Tuesday, 21 September 2010

Relocation Campaign - Press Release



The Relocation Campaign is supported by Sir Bob Geldof, and has recently been joined by the charity Grandparents As Parents and the Equal Parenting Alliance.

The Custody Minefield, on behalf of the campaign to reform private family law in relation to child relocation, is disappointed by the comments made by Sir Nicholas Wall, President of the Family Division of the Courts.

As held by many in the legal profession, Members of Parliament, charities and members of the judiciary themselves, the need for the reform of guidance for the courts in this area is long overdue. While waiting for this reform, thousands of British children face a risk of harm.

In December last year, we published a Parliamentary Briefing Report setting out how children were likely to face emotional, developmental, and psychological harm caused by removal from one parent, their extended family, friends, culture and school. This is the common outcome in such cases. Our arguments made reference to 15 national and international studies on matters related to child welfare, to which the courts fail to afford sufficient weight.

As Sir Nicholas himself said in January 2010 in respect of the leading guidance ‘there is a perfectly respectable argument for the proposition that Payne v Payne places too great an emphasis on the wishes and feelings of the relocating parent, and ignores or relegates the harm done to children by a permanent breach of the relationship which children have with the left behind parent.’

We have seen a number of cases this year where the Court of Appeal has prevented cases from being transferred to the Supreme Court. The Supreme Court can overturn the Court of Appeal’s guidance, yet for this step to happen, the Court of Appeal must grant permission for its own guidance to be reviewed.

Sir Nicholas commented that ‘relocation cases are usually highly fact specific. The English Court of Appeal nearly always defers to the lower court on questions of fact, and usually only departs from what the lower court has found if there was no proper basis for the judge to make the findings he or she did.’

The reality is that relocation cases are invariably not fact specific. Judicial decisions are based upon a much criticised judicial belief that ‘refusing the primary carer's reasonable proposals for the relocation of her family life is likely to impact detrimentally on the welfare of her dependent children.’ This single factor commonly outweighs all other evidence before the judge. In 2005, the Court of Appeal went further when it declared that no expert evidence was required to support this one argument which invariably trumps all others in relocation cases. In 40 years, no research has been published which supports the courts’ key belief in this matter.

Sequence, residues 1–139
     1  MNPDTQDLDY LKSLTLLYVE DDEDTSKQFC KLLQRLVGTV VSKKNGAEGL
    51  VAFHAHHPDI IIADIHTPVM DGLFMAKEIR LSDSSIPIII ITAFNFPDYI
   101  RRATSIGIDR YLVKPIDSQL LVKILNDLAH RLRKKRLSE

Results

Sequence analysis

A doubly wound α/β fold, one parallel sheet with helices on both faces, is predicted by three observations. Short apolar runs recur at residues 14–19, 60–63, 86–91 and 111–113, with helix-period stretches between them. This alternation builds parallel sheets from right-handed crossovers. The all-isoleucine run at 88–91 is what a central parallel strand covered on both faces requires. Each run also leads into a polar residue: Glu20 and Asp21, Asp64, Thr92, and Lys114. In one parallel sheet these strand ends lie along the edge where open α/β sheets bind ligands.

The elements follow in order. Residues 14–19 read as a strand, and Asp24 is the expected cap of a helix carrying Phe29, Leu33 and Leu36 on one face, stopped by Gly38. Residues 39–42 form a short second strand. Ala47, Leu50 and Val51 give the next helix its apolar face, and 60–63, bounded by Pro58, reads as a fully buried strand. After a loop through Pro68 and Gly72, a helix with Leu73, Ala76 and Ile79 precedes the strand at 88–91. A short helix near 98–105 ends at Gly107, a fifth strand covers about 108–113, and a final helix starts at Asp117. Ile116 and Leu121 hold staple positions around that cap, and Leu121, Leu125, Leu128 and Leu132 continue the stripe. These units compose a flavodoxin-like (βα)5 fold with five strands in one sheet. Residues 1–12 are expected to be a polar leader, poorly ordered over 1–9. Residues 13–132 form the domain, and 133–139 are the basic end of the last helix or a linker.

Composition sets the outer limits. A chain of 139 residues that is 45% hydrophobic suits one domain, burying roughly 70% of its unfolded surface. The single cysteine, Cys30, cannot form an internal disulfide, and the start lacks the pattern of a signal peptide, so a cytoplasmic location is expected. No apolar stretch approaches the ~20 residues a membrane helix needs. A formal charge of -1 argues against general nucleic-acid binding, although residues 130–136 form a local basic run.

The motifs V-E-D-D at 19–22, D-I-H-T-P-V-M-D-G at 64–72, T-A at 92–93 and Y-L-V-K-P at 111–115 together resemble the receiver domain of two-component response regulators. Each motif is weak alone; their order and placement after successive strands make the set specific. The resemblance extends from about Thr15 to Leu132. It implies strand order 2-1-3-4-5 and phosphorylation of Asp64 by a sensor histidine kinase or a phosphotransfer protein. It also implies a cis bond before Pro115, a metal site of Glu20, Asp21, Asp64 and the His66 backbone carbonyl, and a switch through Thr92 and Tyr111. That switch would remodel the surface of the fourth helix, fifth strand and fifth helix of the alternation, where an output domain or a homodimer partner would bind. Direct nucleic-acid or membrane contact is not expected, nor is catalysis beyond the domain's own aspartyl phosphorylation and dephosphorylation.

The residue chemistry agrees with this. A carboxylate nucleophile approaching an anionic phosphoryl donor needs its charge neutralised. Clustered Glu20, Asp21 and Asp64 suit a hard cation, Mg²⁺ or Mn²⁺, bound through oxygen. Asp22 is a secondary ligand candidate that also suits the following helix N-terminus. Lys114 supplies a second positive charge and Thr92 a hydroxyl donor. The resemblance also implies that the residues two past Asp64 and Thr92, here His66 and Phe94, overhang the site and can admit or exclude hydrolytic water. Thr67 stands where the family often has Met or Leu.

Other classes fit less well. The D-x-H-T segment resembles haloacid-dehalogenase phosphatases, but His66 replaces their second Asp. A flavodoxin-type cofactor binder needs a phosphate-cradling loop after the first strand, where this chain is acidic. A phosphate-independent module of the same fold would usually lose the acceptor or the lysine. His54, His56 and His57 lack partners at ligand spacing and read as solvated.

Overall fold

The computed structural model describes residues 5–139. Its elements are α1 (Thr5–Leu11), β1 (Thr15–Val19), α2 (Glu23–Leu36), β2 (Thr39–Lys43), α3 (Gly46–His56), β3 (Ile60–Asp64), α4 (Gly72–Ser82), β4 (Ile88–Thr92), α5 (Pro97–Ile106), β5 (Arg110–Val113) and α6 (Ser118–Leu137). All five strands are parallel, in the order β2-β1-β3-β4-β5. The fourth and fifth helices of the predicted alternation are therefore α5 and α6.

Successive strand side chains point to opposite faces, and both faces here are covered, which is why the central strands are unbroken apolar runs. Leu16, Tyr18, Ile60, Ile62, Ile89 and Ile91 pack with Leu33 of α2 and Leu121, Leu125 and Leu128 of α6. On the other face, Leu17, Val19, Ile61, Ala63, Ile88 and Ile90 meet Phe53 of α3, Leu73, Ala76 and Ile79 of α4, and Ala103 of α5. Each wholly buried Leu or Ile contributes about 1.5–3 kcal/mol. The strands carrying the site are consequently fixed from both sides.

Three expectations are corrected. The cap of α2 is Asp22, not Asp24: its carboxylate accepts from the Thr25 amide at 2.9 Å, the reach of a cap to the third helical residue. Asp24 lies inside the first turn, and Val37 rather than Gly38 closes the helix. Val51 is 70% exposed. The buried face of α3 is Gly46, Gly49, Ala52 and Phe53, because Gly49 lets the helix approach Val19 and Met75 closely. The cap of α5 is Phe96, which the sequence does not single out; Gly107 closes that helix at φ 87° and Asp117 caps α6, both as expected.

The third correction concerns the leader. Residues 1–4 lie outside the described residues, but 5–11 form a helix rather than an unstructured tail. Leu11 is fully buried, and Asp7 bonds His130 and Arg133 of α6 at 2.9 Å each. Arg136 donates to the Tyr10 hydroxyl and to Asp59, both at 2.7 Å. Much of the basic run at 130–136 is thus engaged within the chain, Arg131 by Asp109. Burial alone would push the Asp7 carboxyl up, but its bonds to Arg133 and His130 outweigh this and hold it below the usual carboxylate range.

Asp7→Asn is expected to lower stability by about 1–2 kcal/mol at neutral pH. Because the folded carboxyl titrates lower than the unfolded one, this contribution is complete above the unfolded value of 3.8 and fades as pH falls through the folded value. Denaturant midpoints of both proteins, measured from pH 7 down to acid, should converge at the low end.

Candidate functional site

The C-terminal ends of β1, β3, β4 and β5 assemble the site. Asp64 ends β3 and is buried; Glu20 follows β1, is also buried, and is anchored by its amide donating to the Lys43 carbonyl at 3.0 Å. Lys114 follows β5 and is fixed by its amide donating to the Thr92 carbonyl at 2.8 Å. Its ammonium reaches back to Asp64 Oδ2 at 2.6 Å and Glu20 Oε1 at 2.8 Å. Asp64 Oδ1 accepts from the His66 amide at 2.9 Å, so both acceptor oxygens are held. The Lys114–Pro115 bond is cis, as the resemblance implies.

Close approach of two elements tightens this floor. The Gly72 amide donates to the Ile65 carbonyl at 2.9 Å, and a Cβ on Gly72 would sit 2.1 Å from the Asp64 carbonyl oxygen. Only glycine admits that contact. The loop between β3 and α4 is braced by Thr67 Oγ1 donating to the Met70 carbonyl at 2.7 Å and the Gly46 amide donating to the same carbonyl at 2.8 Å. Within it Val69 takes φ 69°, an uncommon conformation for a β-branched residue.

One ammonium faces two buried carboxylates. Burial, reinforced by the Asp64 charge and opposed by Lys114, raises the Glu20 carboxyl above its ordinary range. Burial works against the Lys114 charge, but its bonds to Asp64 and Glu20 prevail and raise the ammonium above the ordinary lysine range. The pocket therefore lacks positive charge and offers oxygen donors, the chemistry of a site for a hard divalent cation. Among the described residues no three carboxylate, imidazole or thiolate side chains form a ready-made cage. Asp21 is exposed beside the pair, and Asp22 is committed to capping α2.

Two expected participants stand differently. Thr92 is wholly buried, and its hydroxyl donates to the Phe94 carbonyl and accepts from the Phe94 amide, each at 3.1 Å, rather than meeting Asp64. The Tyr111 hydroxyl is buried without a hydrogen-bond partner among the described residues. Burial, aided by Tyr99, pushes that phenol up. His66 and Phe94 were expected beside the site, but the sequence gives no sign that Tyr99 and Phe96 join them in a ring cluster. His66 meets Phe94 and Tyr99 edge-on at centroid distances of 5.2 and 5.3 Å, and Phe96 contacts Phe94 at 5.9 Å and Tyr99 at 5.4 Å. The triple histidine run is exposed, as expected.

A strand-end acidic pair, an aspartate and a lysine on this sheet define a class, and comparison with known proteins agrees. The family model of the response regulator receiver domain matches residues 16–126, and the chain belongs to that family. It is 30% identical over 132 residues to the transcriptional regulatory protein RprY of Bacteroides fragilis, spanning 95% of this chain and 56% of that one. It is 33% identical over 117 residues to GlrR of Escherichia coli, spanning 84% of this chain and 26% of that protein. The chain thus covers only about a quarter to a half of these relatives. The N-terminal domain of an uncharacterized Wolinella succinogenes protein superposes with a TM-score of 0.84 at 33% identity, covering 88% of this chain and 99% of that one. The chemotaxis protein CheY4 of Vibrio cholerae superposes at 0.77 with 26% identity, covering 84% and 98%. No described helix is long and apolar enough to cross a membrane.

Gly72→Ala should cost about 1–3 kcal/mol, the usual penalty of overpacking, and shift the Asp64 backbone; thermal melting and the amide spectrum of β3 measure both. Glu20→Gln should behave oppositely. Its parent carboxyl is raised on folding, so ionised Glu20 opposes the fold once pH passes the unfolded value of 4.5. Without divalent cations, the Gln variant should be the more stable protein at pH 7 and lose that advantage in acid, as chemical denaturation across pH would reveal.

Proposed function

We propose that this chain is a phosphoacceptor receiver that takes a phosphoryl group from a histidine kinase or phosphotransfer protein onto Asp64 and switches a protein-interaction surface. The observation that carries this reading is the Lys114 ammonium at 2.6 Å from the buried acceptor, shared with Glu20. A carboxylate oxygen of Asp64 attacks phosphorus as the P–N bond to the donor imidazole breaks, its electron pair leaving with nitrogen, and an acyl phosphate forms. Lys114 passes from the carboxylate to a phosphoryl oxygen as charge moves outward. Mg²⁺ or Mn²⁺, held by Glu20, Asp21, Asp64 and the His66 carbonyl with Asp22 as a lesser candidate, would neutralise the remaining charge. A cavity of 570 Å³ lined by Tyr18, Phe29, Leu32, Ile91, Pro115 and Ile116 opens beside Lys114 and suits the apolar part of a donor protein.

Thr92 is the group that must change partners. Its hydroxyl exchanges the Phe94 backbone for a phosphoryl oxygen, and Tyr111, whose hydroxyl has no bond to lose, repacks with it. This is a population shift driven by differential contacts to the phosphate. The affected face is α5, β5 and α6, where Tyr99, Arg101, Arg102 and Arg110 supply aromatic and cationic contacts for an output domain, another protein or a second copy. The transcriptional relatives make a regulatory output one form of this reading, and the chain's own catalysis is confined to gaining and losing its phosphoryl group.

How can this be? There is a legal principle called ‘judicial notice’, where the judiciary may decide that, where a belief is commonly held, there is no need for evidence to be produced to support it.

In reality relocation cases are heavily influenced by two factors, the first being a judge’s observation of the parents in court. The parents’ character is judged in the unnatural and stressful setting of court, made worse by the burden of uncertainty as to their child’s future relationship with them. Their demeanour in such exceptional circumstances is assumed to reflect on their character in day to day life. Conversely, the relocating parent simply has to say they will be distressed if the judge refuses their application. On two key psychological considerations which will likely have a lifelong impact on the child, no evidence or expert opinion from a qualified psychological professional is required.

In our opinion, and as explained in this release, Sir Nicholas having stated that such cases are ‘fact specific’ is unacceptable and misleading, and does not assist in there being an informed debate.

Sir Nicholas stated that it was up to the Supreme Court or Parliament to change this judge made law.

In Sir Bob Geldof’s own words: ‘How much longer must we put up with the state sanctioned kidnap of our most vulnerable? Because in effect that’s what “Leave to Remove” amounts to. How much longer do we tolerate the vested interest intransigence of the appalling U.K. Family Justice system? How long before just one of them admit they have got it ALL wrong and apologise to their myriad victims?’

We feel it briefly worth commenting about Sir Nicholas’s allegation that it is intelligent parents who get involved in protracted litigation. The counter argument to this is that the intelligent parent often sees the flaws in our family justice system, and is unprepared to accept an outcome which is manifestly unjust, based on flawed logic and which fails to consider the best interests of their children. The poorer parent simply cannot afford legal representation, and some simply lack the ability to articulate these arguments to protect their children’s relationships. In relocation cases, you can almost guarantee it. It is little wonder that Sir Nicholas sees poor parents less often. The poor ones cannot afford the costs of appeal.


The Relocation Campaign is managed by The Custody Minefield, the leading internet based information provider on relocation related family law and shared residence. In 2010 alone, we have provided information to 50,000 parents.